Director General, National Biotechnology Development Agency (NABDA), Prof. Abdullahi Mustapha, has called on Nigerians to embrace biotechnology as one of the tools to enhance food security and avert food crisis in the country.
Prof Mustapha made the observation at the opening of a one-day sensitisation workshop on the role of biosafety regulation and modern biotechnology towards economic diversification in Nigeria for Southeast stakeholders in Enugu on Wednesday, March 23, 2022.
“Nigeria is currently at a crossroad in view of looming food crisis, and this requires that all hands must be on deck to fashion out strategies on how to improve and boost agricultural productivity to guarantee food and nutritional security. In the last 30 years, we were comfortable with agricultural productivity because then we had less people to feed and the soil was very productive, so even with aged farming population, we did not envisage food crisis but today, we cannot afford such luxury as most of our population goes to bed hungry on daily basis,” he said.
The Director General said the farming population has also not improved rather the youth have completely handed off farming, leaving it in the hands of our fathers who are already in their late 50s and 60s.
According to him, the sensitisation workshop is to, among other things, shed some light on that we cannot continue to rely on the aged population to feed the nation of over 200 million people.
“We can also not rely on the same piece of land to be as productive as it was 20 years ago, the time has come for us as a nation to fully embrace technologies that will change our farming experiences.”
He noted that, in the last decade, scientists across the country have been working and seeking for solutions to the challenges confronting farmers especially as it relates to yield potentials of legumes.
He said the difference between agricultural yield in Nigeria and other parts of the world is not only alarming but very disturbing.
“Our legumes are not performing according to their potentials, hence, the introduction of technologies to ensure that our quest for food and nutritional security is guaranteed.
“The greatest setback for the agricultural productivity in this country include absence of a coherent information system that keeps farmers abreast with latest development in the field of agriculture, today most of our farmers cannot differentiate between grains and seeds.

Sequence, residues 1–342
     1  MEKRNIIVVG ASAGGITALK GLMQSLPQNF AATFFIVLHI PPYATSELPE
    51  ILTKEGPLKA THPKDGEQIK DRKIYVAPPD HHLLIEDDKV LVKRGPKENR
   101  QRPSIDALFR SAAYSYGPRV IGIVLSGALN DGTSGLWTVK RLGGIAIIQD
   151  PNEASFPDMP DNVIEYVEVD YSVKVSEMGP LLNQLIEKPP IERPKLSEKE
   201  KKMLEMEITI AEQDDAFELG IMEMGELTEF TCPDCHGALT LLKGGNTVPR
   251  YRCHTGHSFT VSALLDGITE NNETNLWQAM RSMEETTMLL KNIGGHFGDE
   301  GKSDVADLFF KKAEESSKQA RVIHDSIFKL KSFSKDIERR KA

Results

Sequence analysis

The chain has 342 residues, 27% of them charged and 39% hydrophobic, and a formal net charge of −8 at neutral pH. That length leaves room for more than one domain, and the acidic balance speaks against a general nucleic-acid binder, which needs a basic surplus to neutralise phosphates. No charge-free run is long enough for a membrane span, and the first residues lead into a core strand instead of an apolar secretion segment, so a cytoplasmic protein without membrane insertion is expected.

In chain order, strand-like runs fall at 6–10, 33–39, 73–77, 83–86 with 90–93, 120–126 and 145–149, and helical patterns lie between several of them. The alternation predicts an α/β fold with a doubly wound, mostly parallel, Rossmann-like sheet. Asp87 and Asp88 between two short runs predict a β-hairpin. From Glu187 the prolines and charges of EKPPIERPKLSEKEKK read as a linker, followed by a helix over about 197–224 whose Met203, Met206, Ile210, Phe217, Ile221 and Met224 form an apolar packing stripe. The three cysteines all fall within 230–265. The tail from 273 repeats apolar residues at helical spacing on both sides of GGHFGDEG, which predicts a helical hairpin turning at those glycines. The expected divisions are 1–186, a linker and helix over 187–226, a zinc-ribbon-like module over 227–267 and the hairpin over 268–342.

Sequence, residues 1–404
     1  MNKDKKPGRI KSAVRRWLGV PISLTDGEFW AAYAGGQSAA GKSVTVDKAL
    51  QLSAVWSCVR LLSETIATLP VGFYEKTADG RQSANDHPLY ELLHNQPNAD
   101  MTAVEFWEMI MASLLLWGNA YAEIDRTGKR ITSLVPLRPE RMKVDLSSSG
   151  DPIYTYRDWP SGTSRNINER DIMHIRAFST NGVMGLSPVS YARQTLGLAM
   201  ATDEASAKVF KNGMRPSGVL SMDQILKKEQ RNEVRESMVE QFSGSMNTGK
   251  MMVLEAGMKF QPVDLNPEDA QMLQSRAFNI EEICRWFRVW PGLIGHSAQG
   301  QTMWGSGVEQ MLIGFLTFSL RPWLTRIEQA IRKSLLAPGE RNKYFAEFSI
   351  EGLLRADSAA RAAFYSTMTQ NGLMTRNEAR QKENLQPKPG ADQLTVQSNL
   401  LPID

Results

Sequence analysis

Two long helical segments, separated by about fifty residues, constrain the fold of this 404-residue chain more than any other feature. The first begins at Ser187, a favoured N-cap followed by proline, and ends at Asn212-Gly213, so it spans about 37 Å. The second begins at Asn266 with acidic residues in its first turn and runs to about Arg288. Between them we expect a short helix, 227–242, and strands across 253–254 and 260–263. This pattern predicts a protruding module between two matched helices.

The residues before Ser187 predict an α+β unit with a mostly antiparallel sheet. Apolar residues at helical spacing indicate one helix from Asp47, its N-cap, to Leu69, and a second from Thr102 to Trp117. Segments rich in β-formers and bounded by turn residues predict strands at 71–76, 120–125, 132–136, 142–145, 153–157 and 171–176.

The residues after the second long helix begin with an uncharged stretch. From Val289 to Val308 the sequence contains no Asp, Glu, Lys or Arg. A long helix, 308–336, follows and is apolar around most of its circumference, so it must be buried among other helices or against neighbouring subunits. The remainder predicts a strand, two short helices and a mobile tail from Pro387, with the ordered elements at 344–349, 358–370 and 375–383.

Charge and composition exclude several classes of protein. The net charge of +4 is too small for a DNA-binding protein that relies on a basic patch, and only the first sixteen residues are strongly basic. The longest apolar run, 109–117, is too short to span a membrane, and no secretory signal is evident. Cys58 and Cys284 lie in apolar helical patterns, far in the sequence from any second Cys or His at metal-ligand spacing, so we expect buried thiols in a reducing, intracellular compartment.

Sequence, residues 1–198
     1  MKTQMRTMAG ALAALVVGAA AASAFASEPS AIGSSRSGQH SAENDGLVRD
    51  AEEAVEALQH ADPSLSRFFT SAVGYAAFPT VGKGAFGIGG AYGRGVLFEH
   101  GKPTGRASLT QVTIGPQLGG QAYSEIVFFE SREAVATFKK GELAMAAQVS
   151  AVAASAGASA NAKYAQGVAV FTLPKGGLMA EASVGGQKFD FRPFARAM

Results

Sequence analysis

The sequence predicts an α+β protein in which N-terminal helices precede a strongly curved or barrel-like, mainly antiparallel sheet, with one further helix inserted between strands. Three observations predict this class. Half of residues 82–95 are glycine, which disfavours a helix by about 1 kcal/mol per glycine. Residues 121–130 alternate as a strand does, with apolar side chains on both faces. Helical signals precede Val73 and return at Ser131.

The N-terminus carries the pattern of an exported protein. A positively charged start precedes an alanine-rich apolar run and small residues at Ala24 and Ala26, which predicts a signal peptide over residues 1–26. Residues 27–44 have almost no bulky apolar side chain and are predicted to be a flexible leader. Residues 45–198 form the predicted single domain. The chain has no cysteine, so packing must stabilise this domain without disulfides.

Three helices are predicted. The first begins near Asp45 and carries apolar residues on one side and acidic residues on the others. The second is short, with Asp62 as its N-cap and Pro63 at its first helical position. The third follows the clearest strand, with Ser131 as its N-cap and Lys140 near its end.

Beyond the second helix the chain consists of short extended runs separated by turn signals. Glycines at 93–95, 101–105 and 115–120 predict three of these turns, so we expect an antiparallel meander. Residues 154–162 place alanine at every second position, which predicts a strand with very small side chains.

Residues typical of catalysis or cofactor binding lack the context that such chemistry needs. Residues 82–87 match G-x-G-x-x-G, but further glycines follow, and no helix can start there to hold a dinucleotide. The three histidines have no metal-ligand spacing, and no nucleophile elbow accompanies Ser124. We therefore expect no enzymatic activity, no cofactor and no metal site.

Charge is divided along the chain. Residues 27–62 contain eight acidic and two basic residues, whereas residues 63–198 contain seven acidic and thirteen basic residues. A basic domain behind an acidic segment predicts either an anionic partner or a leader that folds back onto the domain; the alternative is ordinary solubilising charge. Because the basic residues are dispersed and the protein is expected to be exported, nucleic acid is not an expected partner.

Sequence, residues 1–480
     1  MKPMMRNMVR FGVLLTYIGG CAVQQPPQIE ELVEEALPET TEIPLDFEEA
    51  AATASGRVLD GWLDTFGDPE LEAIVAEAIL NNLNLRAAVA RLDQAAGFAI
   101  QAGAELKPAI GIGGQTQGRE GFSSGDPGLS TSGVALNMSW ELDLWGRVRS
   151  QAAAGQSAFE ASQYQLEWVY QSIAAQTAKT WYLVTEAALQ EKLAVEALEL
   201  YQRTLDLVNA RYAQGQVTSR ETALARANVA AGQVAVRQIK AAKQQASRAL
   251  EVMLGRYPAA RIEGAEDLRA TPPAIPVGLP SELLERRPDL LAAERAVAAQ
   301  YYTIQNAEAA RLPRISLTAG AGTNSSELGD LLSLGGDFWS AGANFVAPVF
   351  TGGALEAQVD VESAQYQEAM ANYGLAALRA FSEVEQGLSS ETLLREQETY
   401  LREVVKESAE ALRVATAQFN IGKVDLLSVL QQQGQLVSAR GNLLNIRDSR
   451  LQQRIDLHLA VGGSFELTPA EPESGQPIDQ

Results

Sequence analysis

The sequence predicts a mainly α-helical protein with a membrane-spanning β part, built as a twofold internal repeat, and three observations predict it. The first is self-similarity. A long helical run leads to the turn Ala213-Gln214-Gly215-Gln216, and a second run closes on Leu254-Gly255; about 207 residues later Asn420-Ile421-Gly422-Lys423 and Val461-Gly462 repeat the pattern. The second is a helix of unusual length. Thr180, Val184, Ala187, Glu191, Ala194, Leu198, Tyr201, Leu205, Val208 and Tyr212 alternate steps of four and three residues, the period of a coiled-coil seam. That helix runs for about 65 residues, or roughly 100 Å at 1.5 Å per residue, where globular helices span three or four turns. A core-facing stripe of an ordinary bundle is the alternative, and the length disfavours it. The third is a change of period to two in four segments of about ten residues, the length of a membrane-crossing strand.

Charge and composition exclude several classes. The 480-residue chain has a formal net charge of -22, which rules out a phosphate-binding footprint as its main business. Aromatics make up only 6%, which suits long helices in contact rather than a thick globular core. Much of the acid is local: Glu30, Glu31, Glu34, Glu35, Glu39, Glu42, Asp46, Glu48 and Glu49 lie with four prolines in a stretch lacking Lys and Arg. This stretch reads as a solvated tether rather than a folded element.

“The absence of good agronomic practices is another issue that is affecting agricultural productivity in this country, farmers are not only saving seeds from previous harvest but do not know that the seeds need to be treated to become good quality seeds to enhance better performance.
“A good quality seed is a seed that is healthy and proficient enough to resist drought, herbicides, diseases, and can produce a healthy plant with more nutritious grains, and more in number is called but this is far from what farmers experience with their saved seeds. Farming is about having strong harvestable yield that will get you economically empowered,” Prof. Mustapha added.
In a presentation, Dr Rufus Ebegba, Director General, National Biosafety Management Agency (NBMA), said Nigeria is on track in the regulation of genetically modified products.
“Nigerians have nothing to fear, we are established by the federal government to regulate products that are genetically modified to ensue that it does not have any negative impact on human and the environment,” he said.
The workshop attracted participants from the Eastern states, members of the academia from Godfrey Okoye University, Enugu State University of Science and Technology and University of Nigeria, Nsukka.